Tuesday, October 03, 2006

Scientific Superstition

Seriously. I know we're all doctors - and supposedly learned men of science. But believe me, no other career apart from flamboyant show business carries more superstitious baggage.

Deaths come in threes ( and occasionally sevens ). Wear that lucky surgical cap with the dancing hippos. No wearing blood-red in the maternity wing. No talking about the hospital wards being terribly quiet that night. And certainly no swapping on-calls unnecessarily.

Perhaps it's because medicine might be primarily based on facts and figures but there's still a whole lot of the mysterious unknown rolled up in that volatile mix - with differing amounts of faith, luck and magic. Who can ever predict what's going to happen to a patient? Even with the greatest mathematic calculations or scientific explanations, no one can ever tell whether someone's going to take a turn for the worse or miraculously get better.

Which is why I didn't swap calls tonight. So I'm not gonna tell you how good ( or bad ) it's going so far today since I wouldn't want to jinx myself unnecessarily. :)

10 comments:

ikanbilis said...

i've always wanted to be a doctor like my neurologist uncle when i was a little kid. i have just realised i fear blood and seeing dead people. and guess what? i'm gonna take a blood test next few days =/

Las montaƱas said...

tell us more about things that go bump in the night in the hospital.

nyonyapenang said...

do you carry some talisman, prayer beads or something?

a.o.d said...

'And certainly no swapping on-calls unnecessarily.'
Seems like an unwritten rule among many doctors, and definitely for me.

You have a talent for turning mundane everyday experiences into great writing.

So, how did your call go?

Curtis said...

Of course there is the "full moon" effect, as well as the Sunday evening cardiac increases. And whatever you say, don't dare say, "This shift should be uneventful". Gets me everytime.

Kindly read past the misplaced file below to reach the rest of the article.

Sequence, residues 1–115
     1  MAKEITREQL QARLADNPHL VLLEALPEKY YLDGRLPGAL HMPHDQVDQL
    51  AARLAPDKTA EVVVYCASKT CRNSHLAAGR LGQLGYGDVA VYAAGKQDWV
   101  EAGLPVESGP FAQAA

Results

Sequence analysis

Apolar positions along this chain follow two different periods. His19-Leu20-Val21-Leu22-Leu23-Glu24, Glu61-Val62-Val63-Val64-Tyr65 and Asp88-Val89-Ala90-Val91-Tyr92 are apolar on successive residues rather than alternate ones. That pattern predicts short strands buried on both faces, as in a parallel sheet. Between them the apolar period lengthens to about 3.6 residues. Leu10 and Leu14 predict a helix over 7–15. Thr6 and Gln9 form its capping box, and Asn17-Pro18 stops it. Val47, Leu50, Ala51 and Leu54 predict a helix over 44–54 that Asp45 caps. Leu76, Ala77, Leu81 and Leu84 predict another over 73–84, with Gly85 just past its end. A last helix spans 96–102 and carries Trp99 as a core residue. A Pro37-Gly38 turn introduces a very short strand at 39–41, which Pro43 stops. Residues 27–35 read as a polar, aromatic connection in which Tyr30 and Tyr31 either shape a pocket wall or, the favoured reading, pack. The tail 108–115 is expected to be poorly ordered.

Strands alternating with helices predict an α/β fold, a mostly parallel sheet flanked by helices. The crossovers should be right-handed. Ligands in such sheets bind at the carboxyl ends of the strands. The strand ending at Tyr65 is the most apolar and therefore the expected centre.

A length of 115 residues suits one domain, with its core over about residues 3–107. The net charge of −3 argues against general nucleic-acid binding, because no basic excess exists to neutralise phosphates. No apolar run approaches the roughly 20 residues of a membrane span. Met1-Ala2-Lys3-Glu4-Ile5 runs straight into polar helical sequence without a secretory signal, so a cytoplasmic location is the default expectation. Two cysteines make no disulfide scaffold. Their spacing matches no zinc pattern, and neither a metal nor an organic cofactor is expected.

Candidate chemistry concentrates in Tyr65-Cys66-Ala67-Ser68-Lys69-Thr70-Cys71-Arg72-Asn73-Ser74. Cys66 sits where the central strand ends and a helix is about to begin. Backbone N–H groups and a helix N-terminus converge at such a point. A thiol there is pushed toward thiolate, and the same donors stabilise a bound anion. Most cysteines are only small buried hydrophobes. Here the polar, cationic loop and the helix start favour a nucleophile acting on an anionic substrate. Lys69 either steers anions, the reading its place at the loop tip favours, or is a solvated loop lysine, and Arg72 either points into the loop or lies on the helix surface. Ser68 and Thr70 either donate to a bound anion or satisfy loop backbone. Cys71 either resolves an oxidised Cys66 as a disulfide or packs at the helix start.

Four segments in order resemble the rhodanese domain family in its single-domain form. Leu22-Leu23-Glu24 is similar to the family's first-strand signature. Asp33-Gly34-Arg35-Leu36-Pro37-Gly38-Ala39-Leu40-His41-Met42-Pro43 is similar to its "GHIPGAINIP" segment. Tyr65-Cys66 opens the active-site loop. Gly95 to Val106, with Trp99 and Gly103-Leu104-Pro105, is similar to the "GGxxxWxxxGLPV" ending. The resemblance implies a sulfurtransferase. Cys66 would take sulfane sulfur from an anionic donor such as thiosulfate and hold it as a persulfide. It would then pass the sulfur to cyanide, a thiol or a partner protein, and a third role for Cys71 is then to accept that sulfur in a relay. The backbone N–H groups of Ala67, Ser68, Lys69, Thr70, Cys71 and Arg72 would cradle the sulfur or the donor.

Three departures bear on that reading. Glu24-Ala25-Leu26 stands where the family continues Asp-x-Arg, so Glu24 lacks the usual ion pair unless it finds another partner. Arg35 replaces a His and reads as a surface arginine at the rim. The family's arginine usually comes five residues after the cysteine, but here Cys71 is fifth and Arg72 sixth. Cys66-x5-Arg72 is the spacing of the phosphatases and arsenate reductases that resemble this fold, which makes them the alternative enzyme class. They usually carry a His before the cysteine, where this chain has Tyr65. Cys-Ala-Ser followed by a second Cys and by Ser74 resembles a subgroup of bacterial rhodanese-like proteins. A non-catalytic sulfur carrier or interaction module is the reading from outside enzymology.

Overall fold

ian said...

Sorry haven't been here for a while, I guess your stethoscope makes a necessary talisman hey? Haha!

William said...

Medical science can only explain so much. And doctors can only know so much. A whole lot of educated guessing? We can only keep our fingers crossed.

Annie said...

"Something bigger is out there. Something bigger than me, bigger than you. Some things are true whether you believe in them or not."
When you forget to appreciate the BIG picture; that Someone else truly has the controls over whether you live or die; then you need to stand back and remember how small we really are in the universe. Working in hospitals take courage, a heart and a sensitive soul. Do respect fate.
Quote from the movie, City of Angels.

envy said...

Oh Doctors do not know if a patient is going for the better or worse? not even predict that? We have such a nice image about doctors, they are gods to us...We assume they know whats gonna happen...They are the healers...they shouldnt be affected by superstitions...yet avoiding some would sound good as the one i just read on your post the something red=blood in the nursery since it should be so white and innocent...nv

thompsonboy said...

I don't believe in any of those shits. Conscience is clear, what is there to fear? When it's time. It's time.